A more modern example is Jack Horner, the legendary paleontologist who discovered the western hemisphere’s first dinosaur eggs in the 1970s. Horner referred to school as extremely difficult and his progress in reading, writing, and mathematics as excruciatingly slow. Horner flunked out of college seven times and despite never earning a formal degree, he served as the scientific consultant for all four Jurassic Park films. He was 33 years old before he was diagnosed with dyslexia.
Unique learners? Yes. Failures? No.
Your unique learner has something special to offer too.
Develop a gratitude attitude.
This takes us back to where we started with the heart and the brain.
Since the heart is closely tied to the brain and is part of the cascade of chemicals and hormones that help the brain function properly, wouldn’t it make sense to do things that caused that cascade to occur?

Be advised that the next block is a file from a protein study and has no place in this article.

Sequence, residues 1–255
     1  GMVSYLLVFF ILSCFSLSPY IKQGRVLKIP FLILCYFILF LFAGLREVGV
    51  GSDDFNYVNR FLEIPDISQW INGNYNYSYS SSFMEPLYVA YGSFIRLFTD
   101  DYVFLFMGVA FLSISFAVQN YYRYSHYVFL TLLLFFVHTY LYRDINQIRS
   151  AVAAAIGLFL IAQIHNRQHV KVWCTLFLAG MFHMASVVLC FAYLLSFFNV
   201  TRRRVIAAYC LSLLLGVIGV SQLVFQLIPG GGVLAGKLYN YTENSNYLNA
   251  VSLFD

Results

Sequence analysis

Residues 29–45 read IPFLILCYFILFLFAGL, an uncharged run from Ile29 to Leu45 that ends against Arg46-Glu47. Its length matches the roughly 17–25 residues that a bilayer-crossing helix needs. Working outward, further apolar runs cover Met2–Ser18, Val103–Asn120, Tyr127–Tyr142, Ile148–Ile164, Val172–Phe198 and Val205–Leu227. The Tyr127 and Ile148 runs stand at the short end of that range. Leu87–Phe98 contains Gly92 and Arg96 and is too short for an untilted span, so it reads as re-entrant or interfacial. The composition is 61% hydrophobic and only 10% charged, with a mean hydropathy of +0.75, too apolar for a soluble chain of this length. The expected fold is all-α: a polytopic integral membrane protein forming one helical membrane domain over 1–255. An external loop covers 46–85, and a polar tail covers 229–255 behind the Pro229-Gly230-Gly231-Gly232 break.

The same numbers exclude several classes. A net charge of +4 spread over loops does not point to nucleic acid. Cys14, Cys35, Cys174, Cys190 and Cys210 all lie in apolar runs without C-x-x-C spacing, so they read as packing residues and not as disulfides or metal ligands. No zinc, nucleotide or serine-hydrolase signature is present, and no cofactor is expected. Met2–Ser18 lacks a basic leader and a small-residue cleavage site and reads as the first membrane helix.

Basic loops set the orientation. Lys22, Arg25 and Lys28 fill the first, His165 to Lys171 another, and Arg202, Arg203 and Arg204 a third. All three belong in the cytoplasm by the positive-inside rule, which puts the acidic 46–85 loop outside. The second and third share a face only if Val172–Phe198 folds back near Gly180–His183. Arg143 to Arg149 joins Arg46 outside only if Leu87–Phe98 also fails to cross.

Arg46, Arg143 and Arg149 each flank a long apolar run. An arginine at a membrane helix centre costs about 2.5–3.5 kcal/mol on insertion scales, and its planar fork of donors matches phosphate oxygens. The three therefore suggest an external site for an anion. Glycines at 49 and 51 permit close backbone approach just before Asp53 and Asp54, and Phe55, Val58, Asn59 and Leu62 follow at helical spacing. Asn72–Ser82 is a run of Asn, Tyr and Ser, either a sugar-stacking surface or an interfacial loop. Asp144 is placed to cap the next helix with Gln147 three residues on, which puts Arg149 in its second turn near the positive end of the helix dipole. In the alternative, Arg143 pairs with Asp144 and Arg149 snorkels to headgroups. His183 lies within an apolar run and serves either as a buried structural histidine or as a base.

This is easier than you think.
Scientific research in the field of positive and neuro-psychology has shown that the act of gratitude has tremendous health benefits and includes a shot of feel-good dopamine.
Gratitude makes you happier and improves your relationships. Creating a habit of gratitude orients your mind to look for the positive things in life.
Here is where it gets a bit harder. There had to be a catch, right? The catch is, it needs to start with you. You must drive the gratitude bus and you must make sure your unique learner gets on board.
Start incorporating little gratitude habits into your life. Keep a gratitude journal where you write down three things every day you are thankful for. Take a moment at the dinner table to allow each person to say what they are grateful for that day. This is also a good opportunity to say why you are grateful for each person. Everybody gets a turn.
Practice pay-it-forward and random acts of kindness with your child. Have them think back to when someone did something nice for them. Then have them think about something nice they could do for someone else, and then do it. (Helping others feels good and will improve their self-image too.)
With love on the mind, try using these three strategies in your unique learner’s daily life.